Digested formula but not digested fresh human milk causes death of intestinal cells in vitro: implications for necrotizing enterocolitis.
Pediatr Res. 2012 Dec ;72(6):560-7. Epub 2012 Sep 24. PMID: 23007028
Department of Bioengineering, University of California, San Diego, La Jolla, California.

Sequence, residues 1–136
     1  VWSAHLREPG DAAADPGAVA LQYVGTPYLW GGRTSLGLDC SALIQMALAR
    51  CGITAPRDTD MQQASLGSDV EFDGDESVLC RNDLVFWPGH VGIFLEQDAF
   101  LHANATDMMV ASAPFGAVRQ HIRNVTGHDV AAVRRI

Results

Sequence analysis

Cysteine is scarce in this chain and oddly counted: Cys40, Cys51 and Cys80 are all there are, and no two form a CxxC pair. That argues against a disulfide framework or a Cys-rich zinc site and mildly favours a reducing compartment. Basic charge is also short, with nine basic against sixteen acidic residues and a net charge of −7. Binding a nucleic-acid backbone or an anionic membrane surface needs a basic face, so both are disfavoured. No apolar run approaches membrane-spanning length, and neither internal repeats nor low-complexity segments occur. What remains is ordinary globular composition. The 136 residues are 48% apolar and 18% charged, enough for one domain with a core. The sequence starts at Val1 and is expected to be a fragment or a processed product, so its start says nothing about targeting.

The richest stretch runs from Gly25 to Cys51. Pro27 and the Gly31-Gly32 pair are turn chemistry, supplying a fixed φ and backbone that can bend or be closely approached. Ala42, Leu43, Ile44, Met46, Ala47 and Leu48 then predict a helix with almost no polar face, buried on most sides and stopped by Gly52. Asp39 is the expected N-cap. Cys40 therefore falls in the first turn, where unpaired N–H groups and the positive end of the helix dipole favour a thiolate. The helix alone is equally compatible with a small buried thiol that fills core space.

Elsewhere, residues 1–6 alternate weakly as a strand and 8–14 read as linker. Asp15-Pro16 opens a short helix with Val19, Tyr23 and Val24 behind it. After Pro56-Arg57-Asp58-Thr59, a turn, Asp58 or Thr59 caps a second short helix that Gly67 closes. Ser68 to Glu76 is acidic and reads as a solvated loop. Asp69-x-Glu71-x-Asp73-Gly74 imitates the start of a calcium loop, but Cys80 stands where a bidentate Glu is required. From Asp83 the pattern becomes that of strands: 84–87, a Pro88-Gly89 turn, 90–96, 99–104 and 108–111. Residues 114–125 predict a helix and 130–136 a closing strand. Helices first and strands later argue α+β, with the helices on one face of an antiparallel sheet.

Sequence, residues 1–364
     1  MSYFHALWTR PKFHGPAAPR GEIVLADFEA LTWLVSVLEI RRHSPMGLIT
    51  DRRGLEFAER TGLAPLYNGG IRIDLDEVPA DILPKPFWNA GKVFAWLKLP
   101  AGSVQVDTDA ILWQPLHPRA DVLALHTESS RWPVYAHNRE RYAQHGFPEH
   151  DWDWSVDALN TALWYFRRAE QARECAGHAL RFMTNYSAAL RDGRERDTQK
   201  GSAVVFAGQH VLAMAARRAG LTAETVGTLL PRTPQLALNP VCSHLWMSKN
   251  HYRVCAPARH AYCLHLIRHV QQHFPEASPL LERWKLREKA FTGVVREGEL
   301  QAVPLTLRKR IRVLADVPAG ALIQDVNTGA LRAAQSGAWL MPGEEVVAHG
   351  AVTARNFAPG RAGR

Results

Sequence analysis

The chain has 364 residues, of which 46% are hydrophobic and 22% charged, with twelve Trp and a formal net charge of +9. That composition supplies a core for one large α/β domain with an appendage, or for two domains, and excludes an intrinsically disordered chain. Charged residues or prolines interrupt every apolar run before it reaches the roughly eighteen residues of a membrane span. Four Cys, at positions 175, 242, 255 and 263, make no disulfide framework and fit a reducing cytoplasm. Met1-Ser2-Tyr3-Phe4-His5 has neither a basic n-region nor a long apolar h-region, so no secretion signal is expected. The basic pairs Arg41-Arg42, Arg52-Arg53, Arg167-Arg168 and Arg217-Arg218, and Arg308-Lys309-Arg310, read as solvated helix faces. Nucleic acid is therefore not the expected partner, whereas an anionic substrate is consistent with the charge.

Background:Premature infants fed formula are more likely to develop necrotizing enterocolitis (NEC) than those who are breastfed, but the mechanisms of intestinal necrosis in NEC and protection by breast milk are unknown. We hypothesized that after lipase digestion, formula, but not fresh breast milk, contains levels of unbound free fatty acids (FFAs) that are cytotoxic to intestinal cells.Methods:We digested multiple term and preterm infant formulas or human milk with pancreatic lipase, proteases (trypsin and chymotrypsin), lipase + proteases, or luminal fluid from a rat small intestine and tested FFA levels and cytotoxicity in vitro on intestinal epithelial cells, endothelial cells, and neutrophils.Results:Lipase digestion of formula, but not milk, caused significant death of neutrophils (ranging from 47 to 99% with formulas vs. 6% with milk) with similar results in endothelial and epithelial cells. FFAs were significantly elevated in digested formula vs. milk and death from formula was significantly decreased with lipase inhibitor pretreatment, or treatments to bind FFAs. Protease digestion significantly increased FFA binding capacity of formula and milk but only enough to decrease cytotoxicity from milk.Conclusion:FFA-induced cytotoxicity may contribute to the pathogenesis of NEC.